3. Ask YES questions. We then ask several questions that we already know that he's likely to say “yes” to. For example:
– You know Mike Jones right?
– You're a freshman this year, right?
– Do you have a roommate?
– Your name is on our list scholarship applications, you applied for the Don Zimmer Memorial Scholarship, RIGHT?
4. Schedule an appointment day/time to talk.
- I'm sure your week is as busy as mine. I have a little time on Monday morning or Wednesday afternoon. Which is better for you?
– Let's grab a cup of coffee in the union. Are you available right now, or should we schedule a time for next week.
5. “PERFECT.” This is the only answer to EVERY response/excuse he has. Literally! Just say “perfect.”
HIM: I don't really have time.”
ME: Perfect. I don't have much time either. The best student on campus rarely do. Let's make sure our meeting doesn't take more than 15 minutes.
HIM: I can't make it tonight.
ME: Perfect. We have another opportunity tomorrow night that we're expected to be better attended.
HIM: I don't have a car on campus.
ME: Perfect. We're shuttling people to the BBQ starting at 6pm. What time should we meet you out front of the dorms?
BONUS POINTER: The goal is NOT to have a 10 minute conversation. A good conversation is less than 90 seconds long. Take control of the conversation, lock in the appointment, confirm the details, and dial the next number.
by Colleen Coffey, co-author of I Heart Recruitment
As some of you may know, my full time job is not/ was not authoring I Heart Recruitment with Jessica. I work full time as a mental health advocate and speaker. As coincidence would have it, before Matt joined PUP full time he was also a mental health advocate. How do mental health and fraternity/sorority recruitment have anything in common? Josh Orendi and I were pondering this very question over dinner last week. The answer? Quite a bit, actually.
When I think about the purpose of Greek life, I often find myself wondering, "why does this matter?" I mean, at the end of the day fraternity and sorority life are important. Being a member is a lot of fun and we do a lot for our campus and local communities. I especially enjoy the mentorship I get as a young alumna from more established women in my organization. These things are cool and should not be discounted, but really- could I not find this purpose elsewhere? What is it that makes fraternal membership different than anything else? The obvious answer for me is that I am able to subscribe to a common set of values, shared by every other Alpha Sigma Tau in the country but the other, less obvious answer, is BELONGING.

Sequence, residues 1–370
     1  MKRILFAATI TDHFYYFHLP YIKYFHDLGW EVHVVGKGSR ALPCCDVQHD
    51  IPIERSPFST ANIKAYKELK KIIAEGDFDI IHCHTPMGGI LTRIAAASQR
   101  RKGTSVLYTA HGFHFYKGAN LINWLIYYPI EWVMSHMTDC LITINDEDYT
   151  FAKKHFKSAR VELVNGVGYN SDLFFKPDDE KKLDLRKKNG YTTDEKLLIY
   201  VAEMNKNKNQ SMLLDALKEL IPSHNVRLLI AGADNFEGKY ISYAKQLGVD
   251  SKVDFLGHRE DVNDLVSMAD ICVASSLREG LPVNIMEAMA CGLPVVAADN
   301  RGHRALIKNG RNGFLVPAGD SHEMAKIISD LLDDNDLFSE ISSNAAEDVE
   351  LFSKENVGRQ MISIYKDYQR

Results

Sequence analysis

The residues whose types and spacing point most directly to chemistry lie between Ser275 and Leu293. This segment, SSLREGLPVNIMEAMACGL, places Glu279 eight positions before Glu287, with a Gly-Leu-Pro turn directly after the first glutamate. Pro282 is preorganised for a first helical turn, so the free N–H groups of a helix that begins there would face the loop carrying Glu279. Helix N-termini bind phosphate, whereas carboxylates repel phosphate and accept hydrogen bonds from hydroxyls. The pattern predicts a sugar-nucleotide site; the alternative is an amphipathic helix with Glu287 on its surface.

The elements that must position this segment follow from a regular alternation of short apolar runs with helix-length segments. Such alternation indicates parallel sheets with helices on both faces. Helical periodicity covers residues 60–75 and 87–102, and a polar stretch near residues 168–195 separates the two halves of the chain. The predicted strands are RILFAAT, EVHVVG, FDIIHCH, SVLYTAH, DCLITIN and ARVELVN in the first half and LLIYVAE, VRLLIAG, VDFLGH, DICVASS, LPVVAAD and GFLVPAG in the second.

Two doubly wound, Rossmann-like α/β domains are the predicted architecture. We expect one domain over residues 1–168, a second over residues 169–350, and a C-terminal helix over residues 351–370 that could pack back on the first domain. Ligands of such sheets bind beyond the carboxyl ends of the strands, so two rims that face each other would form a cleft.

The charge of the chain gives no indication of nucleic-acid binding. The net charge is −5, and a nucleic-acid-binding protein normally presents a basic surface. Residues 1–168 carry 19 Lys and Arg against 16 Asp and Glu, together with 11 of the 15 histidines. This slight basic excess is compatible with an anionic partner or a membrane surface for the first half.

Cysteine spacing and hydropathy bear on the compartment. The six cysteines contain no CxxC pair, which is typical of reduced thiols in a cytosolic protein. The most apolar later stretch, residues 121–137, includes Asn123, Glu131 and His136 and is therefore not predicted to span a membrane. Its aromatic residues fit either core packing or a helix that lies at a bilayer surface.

Recent research by Joiner (2005) and earlier research by Baumeister and Leary (1995) documented the need to belong as a fundamental component of mental health. In fact, these scholars contend that a lack of belonging puts individuals at a greater risk for suicide. Mental health concerns have reached endemic proportions for University students. Furr, Westefeld, McConnell, and Jenkins (2001) revealed, through a multi- institutional study, that 50% of college students experience depression. The 2006 National College Health Assessment supported these findings, indicating that 42 percent of college students feel so depressed at times that it is difficult to function. That same study showed nine percent of students reported seriously considering suicide during the previous 12 months. I would argue that the sense of belonging that comes from Greek membership is like nothing else in the world. Belonging to one of these groups, in turn, has the potential to strongly positively impact the mental health of its members. Further, both the recruitment and new member processes have been studied and shown to significantly positively affect self-esteem (Brand & Dodd, 1998; Hirt & Spruill, 2008).
The very core of who we are and what we do in fraternity and sorority life is about belonging. It may be optimistic, but I would say that most of you are in healthy chapters that care about your members and work to make the Greek experience the best it can be for everyone. If that is true, you are doing something remarkable for the self-esteem of your members but also for their mental health. By giving people a place to belong, I think (and I have data to support it) you are doing a lot to positively influence the quality of life for every person in your organization.
The next time you are describing the benefit of your organization to a potential new member- tell them this "we give people a place to belong." It may sound cheesey, but deep down it is what people need to hear.